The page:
Work can be very stressful and employees that do their jobs consistently without rest are bound to succumb to fatigue at one point. Aside from health complications, stressed employees are not able to perform to their fullest which could result in a sharp drop in productivity. Every business owner should understand that rest periods and vacations are crucial for the overall growth of the company although it may cost them a few working days and money.
In 2016, global aviation strategy firm SimpliFlying worked together with Harvard Business Review to implement a vacation scheme that forces employees to use their vacations, worrying about nothing else work-related.
SimpliFlying required its employees to take a week’s worth of vacation every seven weeks. The catch is that if the employee contacts his company during his vacation, then he will not be able to receive any compensation for that off-period.
The employees were observed for 12 weeks under the new policy and the results were good. Employee creativity increased by 33 percent, happiness levels by 25 percent and productivity by 13 percent.
When they went forward with the policy, SimpliFlying changed its schedule with a rest week every eight weeks instead of seven. The reason for this was that a rest week every seven was too frequent.
SimpliFlying CEO Nigam Shashank says that “I have seen not only personal growth in each SimpliTeam member but also development in each of their work. I dare say this experiment is a win-win.”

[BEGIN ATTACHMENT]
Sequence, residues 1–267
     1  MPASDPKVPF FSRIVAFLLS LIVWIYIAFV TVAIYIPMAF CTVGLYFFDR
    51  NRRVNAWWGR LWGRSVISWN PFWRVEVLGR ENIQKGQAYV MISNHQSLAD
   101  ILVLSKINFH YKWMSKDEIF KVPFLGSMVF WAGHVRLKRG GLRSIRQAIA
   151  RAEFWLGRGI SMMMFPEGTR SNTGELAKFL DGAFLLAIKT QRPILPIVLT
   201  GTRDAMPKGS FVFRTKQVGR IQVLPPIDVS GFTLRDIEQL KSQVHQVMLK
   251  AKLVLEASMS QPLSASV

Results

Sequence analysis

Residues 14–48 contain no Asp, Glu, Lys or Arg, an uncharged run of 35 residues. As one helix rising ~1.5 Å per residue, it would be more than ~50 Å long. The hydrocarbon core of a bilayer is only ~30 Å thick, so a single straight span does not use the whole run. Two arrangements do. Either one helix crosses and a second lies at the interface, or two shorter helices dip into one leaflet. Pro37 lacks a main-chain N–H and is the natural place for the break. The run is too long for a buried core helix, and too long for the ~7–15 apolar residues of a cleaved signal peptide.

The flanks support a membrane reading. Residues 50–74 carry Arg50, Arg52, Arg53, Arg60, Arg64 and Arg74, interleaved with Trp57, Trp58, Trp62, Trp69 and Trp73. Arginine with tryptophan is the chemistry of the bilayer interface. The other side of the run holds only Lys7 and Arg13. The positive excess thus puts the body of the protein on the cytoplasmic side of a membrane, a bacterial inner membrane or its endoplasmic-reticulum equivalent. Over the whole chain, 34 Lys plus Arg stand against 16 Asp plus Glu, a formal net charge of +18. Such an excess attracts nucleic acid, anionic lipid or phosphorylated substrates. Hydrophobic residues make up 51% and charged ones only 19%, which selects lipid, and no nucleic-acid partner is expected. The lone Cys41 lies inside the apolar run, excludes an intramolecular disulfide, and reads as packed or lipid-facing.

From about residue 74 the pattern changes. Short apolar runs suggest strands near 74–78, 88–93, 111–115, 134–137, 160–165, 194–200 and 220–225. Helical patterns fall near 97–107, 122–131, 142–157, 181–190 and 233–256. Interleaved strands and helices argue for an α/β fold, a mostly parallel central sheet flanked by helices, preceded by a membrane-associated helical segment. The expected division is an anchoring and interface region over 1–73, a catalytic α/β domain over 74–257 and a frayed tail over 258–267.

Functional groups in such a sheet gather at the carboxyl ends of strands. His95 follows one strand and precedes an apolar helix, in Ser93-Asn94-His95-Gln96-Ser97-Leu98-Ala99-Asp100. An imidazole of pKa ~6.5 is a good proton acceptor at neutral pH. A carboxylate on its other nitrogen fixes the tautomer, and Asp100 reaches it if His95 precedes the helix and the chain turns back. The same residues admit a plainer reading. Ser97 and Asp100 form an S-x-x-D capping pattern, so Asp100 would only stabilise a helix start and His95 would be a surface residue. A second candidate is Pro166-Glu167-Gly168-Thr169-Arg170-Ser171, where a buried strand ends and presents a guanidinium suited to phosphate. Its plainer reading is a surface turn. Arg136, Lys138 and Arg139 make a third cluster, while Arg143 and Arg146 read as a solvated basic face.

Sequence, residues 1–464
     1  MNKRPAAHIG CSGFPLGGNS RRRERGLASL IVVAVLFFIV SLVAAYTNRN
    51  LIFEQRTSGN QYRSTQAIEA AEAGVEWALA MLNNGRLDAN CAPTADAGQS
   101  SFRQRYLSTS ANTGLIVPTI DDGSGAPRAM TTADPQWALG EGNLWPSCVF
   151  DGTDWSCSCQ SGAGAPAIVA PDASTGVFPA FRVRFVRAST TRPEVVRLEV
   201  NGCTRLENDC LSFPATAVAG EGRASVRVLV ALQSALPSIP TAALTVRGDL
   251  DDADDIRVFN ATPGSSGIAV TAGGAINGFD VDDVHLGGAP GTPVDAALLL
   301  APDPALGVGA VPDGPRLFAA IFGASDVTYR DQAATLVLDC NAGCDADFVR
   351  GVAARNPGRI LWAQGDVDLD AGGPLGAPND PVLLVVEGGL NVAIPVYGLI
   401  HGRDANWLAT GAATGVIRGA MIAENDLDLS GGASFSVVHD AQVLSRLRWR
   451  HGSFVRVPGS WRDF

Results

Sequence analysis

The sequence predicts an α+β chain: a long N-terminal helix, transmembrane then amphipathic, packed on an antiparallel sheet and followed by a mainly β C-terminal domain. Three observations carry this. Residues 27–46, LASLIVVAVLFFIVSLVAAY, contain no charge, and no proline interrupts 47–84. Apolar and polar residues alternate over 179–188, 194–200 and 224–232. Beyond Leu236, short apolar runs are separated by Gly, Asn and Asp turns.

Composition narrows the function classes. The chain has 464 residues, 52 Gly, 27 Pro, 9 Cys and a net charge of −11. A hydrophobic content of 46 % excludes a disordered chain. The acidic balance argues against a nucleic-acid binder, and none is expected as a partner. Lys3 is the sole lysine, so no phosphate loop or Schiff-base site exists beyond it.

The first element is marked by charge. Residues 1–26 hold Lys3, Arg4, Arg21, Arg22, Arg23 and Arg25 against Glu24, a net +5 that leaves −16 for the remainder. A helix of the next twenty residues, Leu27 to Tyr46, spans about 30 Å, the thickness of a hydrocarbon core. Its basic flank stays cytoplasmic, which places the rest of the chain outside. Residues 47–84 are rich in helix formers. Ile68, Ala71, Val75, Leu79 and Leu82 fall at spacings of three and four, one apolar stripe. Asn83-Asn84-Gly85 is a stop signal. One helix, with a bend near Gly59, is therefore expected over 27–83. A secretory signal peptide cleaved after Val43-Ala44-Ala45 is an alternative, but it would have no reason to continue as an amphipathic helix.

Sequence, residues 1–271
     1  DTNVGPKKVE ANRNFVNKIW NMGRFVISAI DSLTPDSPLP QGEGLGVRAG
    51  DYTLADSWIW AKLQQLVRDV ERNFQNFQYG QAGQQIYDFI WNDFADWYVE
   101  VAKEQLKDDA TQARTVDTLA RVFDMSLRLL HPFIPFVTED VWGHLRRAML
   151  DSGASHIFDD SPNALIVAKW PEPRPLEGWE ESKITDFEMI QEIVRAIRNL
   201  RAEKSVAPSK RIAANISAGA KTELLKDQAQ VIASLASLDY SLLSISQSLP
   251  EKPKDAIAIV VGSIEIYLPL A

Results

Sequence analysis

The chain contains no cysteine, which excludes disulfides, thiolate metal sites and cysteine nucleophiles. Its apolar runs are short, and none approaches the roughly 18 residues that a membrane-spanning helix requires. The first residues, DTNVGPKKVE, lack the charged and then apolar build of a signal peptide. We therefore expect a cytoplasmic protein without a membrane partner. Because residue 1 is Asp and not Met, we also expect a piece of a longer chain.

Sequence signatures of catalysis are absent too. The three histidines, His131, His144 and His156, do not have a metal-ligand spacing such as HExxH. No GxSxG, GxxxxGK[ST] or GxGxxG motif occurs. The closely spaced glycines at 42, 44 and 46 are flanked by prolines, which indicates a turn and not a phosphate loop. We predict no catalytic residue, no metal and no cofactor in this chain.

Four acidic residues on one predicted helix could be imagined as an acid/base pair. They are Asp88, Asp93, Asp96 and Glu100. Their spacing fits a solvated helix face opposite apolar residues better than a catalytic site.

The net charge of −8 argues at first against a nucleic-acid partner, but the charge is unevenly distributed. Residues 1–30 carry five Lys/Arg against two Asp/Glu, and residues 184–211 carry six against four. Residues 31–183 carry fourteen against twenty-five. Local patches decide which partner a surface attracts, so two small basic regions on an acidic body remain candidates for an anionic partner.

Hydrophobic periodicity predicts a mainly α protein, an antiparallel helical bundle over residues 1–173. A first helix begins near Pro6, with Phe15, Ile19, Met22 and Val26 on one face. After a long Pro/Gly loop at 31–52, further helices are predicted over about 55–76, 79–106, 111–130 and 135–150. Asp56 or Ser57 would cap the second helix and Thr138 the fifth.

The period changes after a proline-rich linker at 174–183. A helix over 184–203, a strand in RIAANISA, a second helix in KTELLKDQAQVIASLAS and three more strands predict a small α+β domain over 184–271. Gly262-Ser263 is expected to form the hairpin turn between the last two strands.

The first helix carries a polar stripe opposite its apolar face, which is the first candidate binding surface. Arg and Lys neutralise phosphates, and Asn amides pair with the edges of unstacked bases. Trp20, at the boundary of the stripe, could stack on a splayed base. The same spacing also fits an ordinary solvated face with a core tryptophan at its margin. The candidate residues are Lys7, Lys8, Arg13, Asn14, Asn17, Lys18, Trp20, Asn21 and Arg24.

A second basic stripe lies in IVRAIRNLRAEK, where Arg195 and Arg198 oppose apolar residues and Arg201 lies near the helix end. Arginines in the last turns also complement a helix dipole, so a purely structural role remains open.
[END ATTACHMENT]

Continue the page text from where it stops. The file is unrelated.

How to keep employees happy
The key takeaway from the experiment is that treating employees with care translates to better performance at work. Having them rest without any worries for prolonged periods allows their bodies and minds to recuperate. However, treating employees right is not that simple.
ADT CEO Tim Whall says that setting fair goals for employees is a proper way of treating them right. Not only will the employees have constant bars to surpass, it will also be easier for the business owner to keep track of performance and have it rewarded accordingly.
In most cases, employees that work harder than the others get rewarded just the same. Not only does this demotivate hard workers, it could promote a poor work environment wherein extra effort is not rewarded properly.
Whall adds that business owners should also put in an extra sense of motivation in various work-related interactions. For instance, he could add some words of encouragement to company-sent emails. Work-related interactions don’t always have to occur with a serious tone.
Rest and rewards are just some of the many motivational factors that keep employees going through piles of work ahead of them. Handling these factors with care and understanding promotes company growth and culture heavily. Business owners could see this vacation weeks and rewards as investments that will greatly pay off in terms of productivity.
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